Tuesday, June 19, 2018
Stage

Sting rocks the house with old and new hits in Florida Orchestra gala

ST. PETERSBURG — In some ways, the Florida Orchestra’s gala with Sting looked like other concerts of a mega-star. Most of the fans who packed the Mahaffey Theater bought their tickets the day they went on sale. They cheered and sang along at the opening strains of the singer-songwriter’s instantly recognizable hits.

A couple of times they stood for the duration of a song. The gala, the orchestra’s only major fund-raising event of the year, raised a record $1.5 million, money that will be used for securing soloists and expanding community work in such areas as schools and hospitals.

But the concert stood out most for its contrasts with most megastar events. Though a surprisingly high percentage of younger faces blended in between graying or bald heads, this was still an older crowd that tended to express enthusiasm through rapt silence. It started on time, Sting strolling onstage in a slim-cut tux alongside music director Michael Francis, a fellow Brit and longtime fan. He joked about the day’s chilly, drizzly weather reminiscent of London.

He then launched into Englishman in New York, accompanied by Natalie Hoe, the orchestra’s principal clarinet who had also entered with him. The jazzy song set a tone for the evening as Hoe’s silky clarinet captured an elegance not apparent in the original version. At just 23 and in her first professional position, Hoe has started quickly, succeeding Brian Moorhead, who retired last year.

Most of the concert’s songs had been arranged by Rob Mathes, who has a long track record of turning out orchestral adaptations for superstars. (Mathes also played keyboards in the concert, one of four musicians Sting brought with him.)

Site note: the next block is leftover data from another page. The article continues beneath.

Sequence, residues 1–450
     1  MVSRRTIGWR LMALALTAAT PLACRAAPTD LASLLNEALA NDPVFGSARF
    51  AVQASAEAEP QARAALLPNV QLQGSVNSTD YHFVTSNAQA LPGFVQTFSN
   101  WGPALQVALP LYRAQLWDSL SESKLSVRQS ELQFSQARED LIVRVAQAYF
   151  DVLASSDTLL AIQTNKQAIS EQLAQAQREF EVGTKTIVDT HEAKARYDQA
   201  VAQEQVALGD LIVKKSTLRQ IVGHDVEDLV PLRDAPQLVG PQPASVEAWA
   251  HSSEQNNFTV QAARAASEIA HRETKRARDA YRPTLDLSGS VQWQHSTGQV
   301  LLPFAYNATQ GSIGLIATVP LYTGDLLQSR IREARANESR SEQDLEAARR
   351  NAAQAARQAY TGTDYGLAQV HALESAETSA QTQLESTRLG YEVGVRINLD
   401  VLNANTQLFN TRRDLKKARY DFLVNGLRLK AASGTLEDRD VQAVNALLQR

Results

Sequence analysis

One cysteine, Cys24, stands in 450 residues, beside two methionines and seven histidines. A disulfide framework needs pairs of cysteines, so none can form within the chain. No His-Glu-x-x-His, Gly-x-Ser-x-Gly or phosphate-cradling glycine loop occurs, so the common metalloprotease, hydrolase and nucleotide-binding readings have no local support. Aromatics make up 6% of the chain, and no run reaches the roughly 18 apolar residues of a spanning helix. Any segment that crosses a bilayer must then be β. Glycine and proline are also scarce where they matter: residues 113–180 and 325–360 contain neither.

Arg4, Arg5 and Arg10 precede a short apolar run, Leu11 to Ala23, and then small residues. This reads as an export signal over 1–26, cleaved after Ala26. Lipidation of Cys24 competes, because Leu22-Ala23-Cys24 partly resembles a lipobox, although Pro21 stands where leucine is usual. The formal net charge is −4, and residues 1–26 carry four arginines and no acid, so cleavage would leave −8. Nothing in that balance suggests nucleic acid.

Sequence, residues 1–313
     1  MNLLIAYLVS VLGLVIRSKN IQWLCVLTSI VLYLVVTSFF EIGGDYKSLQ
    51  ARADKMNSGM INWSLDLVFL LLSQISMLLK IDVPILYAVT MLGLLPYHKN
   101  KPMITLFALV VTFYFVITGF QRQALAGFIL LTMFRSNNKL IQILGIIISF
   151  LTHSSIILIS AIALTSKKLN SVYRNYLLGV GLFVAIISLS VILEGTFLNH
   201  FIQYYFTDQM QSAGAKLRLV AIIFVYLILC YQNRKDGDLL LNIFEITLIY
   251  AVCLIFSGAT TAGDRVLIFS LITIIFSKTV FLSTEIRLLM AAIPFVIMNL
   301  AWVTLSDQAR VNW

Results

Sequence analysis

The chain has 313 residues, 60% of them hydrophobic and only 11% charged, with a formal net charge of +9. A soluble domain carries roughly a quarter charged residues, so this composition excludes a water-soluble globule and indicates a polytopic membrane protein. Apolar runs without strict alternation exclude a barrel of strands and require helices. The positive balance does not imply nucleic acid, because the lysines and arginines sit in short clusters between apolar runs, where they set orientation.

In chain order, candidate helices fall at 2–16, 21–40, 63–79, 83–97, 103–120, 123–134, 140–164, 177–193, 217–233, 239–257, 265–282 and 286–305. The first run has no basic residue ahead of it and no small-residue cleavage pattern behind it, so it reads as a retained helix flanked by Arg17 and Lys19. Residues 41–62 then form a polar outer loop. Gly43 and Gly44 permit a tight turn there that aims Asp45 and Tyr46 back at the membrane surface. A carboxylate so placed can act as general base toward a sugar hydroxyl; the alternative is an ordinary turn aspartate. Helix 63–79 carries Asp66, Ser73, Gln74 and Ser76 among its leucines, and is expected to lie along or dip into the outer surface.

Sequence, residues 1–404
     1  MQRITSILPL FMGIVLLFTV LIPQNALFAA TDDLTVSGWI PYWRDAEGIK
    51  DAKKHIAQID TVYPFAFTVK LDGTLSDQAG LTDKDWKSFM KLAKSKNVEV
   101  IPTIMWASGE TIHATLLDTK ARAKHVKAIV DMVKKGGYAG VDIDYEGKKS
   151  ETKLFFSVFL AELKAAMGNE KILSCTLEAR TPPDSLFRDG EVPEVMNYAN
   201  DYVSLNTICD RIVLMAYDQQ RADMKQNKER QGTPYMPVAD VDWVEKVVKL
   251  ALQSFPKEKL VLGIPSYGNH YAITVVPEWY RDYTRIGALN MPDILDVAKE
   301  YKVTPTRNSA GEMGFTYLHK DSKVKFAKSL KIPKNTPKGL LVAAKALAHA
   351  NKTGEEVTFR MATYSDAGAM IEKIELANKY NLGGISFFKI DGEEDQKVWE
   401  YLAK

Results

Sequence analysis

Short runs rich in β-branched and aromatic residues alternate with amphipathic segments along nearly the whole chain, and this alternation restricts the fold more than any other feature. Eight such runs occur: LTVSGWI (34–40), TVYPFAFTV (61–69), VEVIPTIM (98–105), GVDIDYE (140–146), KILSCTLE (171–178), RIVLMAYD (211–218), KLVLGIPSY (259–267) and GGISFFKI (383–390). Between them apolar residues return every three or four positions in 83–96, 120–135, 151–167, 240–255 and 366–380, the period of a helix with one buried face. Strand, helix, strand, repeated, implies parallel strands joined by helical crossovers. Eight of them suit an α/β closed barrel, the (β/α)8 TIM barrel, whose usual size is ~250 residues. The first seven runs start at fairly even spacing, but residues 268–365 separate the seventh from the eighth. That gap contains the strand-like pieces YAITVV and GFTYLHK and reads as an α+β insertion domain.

Sting has been cranking out hits since the late 1970s, when he co-founded the Police with Stewart Copeland and Andy Summers. He branched out as a solo act to jazz, folk and classical stylings and even penned a Broadway musical. That versatility might have left some wondering how often he would dip into the Police’s greatest hits.

If there was any doubt about that, Sting erased it with the second song, Every Little Thing She Does is Magic, which had the black-tie crowd immediately chiming in on the Eee-Ohhh-Ohh refrain and clapping their hands. He slowed down that vibe with a touching anecdote about coming home from an international tour to see his new home, a weatherbeaten estate near Stonehenge that had seen better days. Sting’s wife, Trudie Styler, had consulted him on the purchase while he was overseas, but a stroll through barley fields told him she had made the right choice.

Sting recalled what he told his wife — "Darling, I want to live here; but more important, I want to die here" — before launching into Fields of Gold.

He followed that up with another nod to the Police days, a mellower version of Roxanne. Francis took the orchestra through a lush arrangement heavy on the strings, including a solo by principal cello James Connors.

The program diverged into other parts of his life story, which for Sting become intertwined with his music. The native of Newcastle, England, confessed to a long fascination with country music.

"But for me there’s a problem with authenticity," he said, although he gained some when Johnny Cash covered I Hung My Head. Sting played harmonica for the song, which contains Western references to a shooting death and gallows and ends on a single lonely note.

Another pair of songs linked his childhood near a shipyard with his recent past, the title song of his musical, The Last Ship, and the jaunty and slightly melancholy What Say You Meg?, about a sailor’s marriage proposal. If those songs mellowed the mood, all it took to change that was King of Pain, which brought in the full orchestra and with it the crowd. Then like a scientist who over years of experimentation has worked out the kinks in his formula, he circled back to one of his greatest hits, Every Breath You Take.

Sting bowed and waved to the crowd. He walked offstage, but you knew it wasn’t going to end there. He and the orchestra played two encores, the Middle Eastern-themed Desert Rose and the tender antiwar song, Fragile. That was part of the denouement following a peak moment of what had been scripted as his closing number. It got the audience on their feet, years shedding off them like snake scales as they swayed and sang along.